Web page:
A bill that would have allowed pharmacists to test and treat for the flu or strep infections was shelved Tuesday in a state Senate committee meeting, after pushback from physicians and committee members about patients bypassing their primary care providers.
SB 524, sponsored by Sen. Jeff Brandes, R-St. Petersburg, would have given pharmacists the ability to conduct a basic swab test for flu or strep throat and dispense treatment such as prescription Tamiflu or antibiotics, without patients going to the doctor first to be diagnosed.
Though the bill would have required pharmacists to undergo an eight hour certification course, multiple physicians cited concerns at the meeting that pharmacists would still not have the medical training to adequately diagnose the flu or any complications a patient might have from a basic test.
Michael Forsthoefel, a general internist in Tallahassee associated with the Florida Medical Association, said the mouth swab tests were imprecise compared to a trained doctor's clinical diagnosis and that older, higher risk patients might develop related medical issues after contracting the flu which a pharmacist might not be equipped to treat.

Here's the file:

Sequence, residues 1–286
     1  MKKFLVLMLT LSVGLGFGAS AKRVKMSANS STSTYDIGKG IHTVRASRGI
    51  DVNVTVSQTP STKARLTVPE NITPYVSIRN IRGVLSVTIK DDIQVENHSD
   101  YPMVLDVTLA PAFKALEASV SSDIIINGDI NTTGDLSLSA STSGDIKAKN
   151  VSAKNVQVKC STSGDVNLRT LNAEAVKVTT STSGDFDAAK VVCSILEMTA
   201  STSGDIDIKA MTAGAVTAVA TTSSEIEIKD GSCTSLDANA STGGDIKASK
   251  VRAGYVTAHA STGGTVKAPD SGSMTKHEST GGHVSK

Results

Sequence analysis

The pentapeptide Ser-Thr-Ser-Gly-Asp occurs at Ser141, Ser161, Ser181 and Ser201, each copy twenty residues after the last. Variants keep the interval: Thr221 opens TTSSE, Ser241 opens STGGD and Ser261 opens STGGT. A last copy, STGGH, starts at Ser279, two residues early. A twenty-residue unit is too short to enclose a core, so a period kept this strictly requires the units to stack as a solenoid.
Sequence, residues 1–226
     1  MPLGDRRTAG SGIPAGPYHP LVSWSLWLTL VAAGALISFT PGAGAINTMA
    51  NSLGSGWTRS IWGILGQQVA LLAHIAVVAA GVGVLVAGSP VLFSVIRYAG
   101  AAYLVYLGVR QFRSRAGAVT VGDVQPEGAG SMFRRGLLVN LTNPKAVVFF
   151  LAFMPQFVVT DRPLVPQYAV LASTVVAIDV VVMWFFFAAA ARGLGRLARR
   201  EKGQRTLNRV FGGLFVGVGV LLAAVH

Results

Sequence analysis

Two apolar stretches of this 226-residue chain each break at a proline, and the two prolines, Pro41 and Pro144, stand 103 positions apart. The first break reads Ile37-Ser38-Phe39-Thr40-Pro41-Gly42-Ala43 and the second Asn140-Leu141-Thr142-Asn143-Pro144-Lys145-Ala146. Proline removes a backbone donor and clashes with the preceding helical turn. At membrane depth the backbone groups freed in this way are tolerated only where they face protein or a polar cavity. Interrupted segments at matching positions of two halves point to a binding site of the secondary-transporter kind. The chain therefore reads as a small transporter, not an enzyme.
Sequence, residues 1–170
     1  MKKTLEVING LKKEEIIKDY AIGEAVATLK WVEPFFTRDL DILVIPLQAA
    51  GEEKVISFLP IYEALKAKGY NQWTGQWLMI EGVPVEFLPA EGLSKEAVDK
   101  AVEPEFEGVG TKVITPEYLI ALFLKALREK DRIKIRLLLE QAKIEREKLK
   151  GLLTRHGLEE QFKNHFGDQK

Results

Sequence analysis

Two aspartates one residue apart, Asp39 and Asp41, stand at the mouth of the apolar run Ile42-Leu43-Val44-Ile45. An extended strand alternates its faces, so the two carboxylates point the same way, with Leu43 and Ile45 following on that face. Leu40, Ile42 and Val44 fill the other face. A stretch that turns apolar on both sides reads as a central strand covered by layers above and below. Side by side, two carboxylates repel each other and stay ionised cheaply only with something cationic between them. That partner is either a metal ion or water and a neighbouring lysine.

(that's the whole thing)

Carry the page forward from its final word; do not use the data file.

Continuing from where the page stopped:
“The flu itself doesn’t kill people — it’s the complications,” he said. “This is what a pharmacist is not trained to screen out.”
Suzanne Wise, president of the Florida Pharmacy Association, countered that for some patients without access to a provider, the bill would allow them to receive treatment they might not otherwise get. Pharmacists, she said, are "their access point to this care."
This year's flu season has seen one of the nation's worst outbreaks in nearly 10 years, according to the Centers for Disease Control and Prevention. As of Jan. 27, more than 14,600 people have been hospitalized with confirmed cases of the virus, and the federal agency has received reports of at least 53 pediatric deaths.
Brandes moved to "temporarily postpone" his own bill after multiple members of the committee said they would not be able to support the legislation, contending it overly expanded pharmacists' scope of practice. But he disputed that the legislation would have encroached on physicians' authority to diagnose patients.